In contrast, whenever a church concentrates on pleasing people instead of God, its spiritual structure begins to wobble. God’s Word is our only infallible blueprint. It provides rock-solid principles for every area of ministry: vision, educational curriculum, counseling, leadership, music, missions, evangelism, and sermons etc. A ministry built on something other than the Word of God is headed for spiritual collapse.

If you skip down to verse 13, you’ll see how the Thessalonians responded to Paul’s preaching. “And for this reason we also constantly thank God that when you received from us the word of God’s message, you accepted it not as the word of men, but for what it really is, the word of God, which also performs its work in you who believe.” When God’s Word is proclaimed, God’s people are fed and that includes the pastor/preacher. God’s truth falls like a seed on fertile soil. Once received, it takes root in our lives, grows, and produces fruit. Everyone benefits. Everyone is nurtured.

How receptive is the soil of your heart to God’s Word? Are there any rock or weeds that keep it from taking root? If so, won’t you submit yourself to the Gardener’s hoe and allow His Word to perform its work in your life? It could turn a dry walk with God into a dynamic one, a fruitless existence into a fruitful adventure.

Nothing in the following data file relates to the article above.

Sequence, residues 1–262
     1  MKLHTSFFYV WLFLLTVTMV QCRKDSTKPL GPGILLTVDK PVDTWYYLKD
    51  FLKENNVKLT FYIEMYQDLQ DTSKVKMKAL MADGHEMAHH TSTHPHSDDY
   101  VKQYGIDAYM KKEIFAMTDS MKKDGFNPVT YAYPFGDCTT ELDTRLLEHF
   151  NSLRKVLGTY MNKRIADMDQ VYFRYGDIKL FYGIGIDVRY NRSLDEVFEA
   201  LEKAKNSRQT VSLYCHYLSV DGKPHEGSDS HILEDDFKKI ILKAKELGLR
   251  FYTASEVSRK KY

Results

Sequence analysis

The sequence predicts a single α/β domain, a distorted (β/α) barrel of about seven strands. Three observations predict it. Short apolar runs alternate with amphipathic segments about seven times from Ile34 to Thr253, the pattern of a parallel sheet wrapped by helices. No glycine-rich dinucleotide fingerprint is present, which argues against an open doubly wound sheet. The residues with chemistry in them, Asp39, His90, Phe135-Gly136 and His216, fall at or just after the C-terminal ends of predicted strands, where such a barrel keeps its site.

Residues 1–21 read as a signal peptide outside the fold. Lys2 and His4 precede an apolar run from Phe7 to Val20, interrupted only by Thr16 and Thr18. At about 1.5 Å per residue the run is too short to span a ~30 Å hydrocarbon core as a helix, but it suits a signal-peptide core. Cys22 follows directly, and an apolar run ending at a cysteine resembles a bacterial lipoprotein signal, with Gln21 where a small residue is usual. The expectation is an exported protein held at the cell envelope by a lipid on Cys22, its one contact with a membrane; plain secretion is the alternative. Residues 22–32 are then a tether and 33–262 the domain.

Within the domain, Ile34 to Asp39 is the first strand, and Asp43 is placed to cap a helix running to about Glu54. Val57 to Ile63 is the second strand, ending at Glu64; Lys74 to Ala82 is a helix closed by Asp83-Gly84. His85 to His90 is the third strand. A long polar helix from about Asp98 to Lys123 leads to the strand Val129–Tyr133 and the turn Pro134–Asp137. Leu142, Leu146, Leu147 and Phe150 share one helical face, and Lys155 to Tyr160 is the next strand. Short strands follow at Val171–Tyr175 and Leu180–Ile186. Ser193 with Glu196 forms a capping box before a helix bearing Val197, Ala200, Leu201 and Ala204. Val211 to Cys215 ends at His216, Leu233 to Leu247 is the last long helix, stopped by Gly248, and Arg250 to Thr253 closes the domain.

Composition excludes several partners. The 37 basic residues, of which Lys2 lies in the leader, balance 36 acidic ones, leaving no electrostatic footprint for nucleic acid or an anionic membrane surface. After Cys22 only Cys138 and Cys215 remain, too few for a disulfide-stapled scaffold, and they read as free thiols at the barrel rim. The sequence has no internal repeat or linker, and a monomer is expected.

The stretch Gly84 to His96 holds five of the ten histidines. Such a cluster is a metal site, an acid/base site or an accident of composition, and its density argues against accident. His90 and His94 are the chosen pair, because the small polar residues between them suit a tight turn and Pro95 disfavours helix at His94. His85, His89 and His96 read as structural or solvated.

Second, “Our Application Must Be Authentic.” God’s Word, however, isn’t taught in a vacuum. It does its work among real people with real needs. That’s why authenticity is essential in ministry. Paul understood this in his Reflection on those days he spent with the Thessalonian church (1 Thess. 2:5-6).

Neither egotism nor exploitation marred Paul’s ministry to the Thessalonians. He didn’t have one hand around their shoulders and the other in their pockets. He had no hidden agenda for plugging his latest book, touting his success as a church planter, Evangelists, Apostle, prayer warrior, world preacher, or begging for money to keep his ministry alive. He was genuine, sincere, upfront, and transparent.

Likewise, our ministries and lives must be free of deception and drive to impress. We must be real, without hypocrisy and without hype. Authenticity means admitting we’re not perfect. Paul wasn’t afraid to divulge his struggles and weaknesses; he knew that his humanness was the very avenue through which Christ’s work would be revealed (1 Thess. 2:2; 1 Cor. 2:1-5; 2 Cor. 12:7-10; 1 Tim. 1:15). None of us “has it all together”, we are all in process. So let’s allow others to see beyond our Sabbath and Sunday best to the parts of our lives that still need work.